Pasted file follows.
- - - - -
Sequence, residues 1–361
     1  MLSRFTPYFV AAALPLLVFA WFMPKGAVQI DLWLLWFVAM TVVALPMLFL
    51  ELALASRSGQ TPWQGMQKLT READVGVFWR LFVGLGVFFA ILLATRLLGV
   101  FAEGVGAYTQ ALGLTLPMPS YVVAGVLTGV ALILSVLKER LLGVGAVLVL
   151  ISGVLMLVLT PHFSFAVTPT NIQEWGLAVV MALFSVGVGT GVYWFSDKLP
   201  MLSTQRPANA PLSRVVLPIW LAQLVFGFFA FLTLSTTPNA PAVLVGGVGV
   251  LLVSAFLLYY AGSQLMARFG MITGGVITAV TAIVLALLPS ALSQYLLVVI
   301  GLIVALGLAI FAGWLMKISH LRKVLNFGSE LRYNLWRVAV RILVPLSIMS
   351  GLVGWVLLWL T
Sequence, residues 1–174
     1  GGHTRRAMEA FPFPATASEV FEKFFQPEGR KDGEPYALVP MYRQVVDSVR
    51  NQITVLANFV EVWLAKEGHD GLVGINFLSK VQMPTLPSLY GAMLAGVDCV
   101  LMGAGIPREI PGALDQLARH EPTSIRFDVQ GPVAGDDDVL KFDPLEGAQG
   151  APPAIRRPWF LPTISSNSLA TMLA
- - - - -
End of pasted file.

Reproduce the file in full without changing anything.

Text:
Sequence, residues 1–361
     1  MLSRFTPYFV AAALPLLVFA WFMPKGAVQI DLWLLWFVAM TVVALPMLFL
    51  ELALASRSGQ TPWQGMQKLT READVGVFWR LFVGLGVFFA ILLATRLLGV
   101  FAEGVGAYTQ ALGLTLPMPS YVVAGVLTGV ALILSVLKER LLGVGAVLVL
   151  ISGVLMLVLT PHFSFAVTPT NIQEWGLAVV MALFSVGVGT GVYWFSDKLP
   201  MLSTQRPANA PLSRVVLPIW LAQLVFGFFA FLTLSTTPNA PAVLVGGVGV
   251  LLVSAFLLYY AGSQLMARFG MITGGVITAV TAIVLALLPS ALSQYLLVVI
   301  GLIVALGLAI FAGWLMKISH LRKVLNFGSE LRYNLWRVAV RILVPLSIMS
   351  GLVGWVLLWL T
Sequence, residues 1–174
     1  GGHTRRAMEA FPFPATASEV FEKFFQPEGR KDGEPYALVP MYRQVVDSVR
    51  NQITVLANFV EVWLAKEGHD GLVGINFLSK VQMPTLPSLY GAMLAGVDCV
   101  LMGAGIPREI PGALDQLARH EPTSIRFDVQ GPVAGDDDVL KFDPLEGAQG
   151  APPAIRRPWF LPTISSNSLA TMLA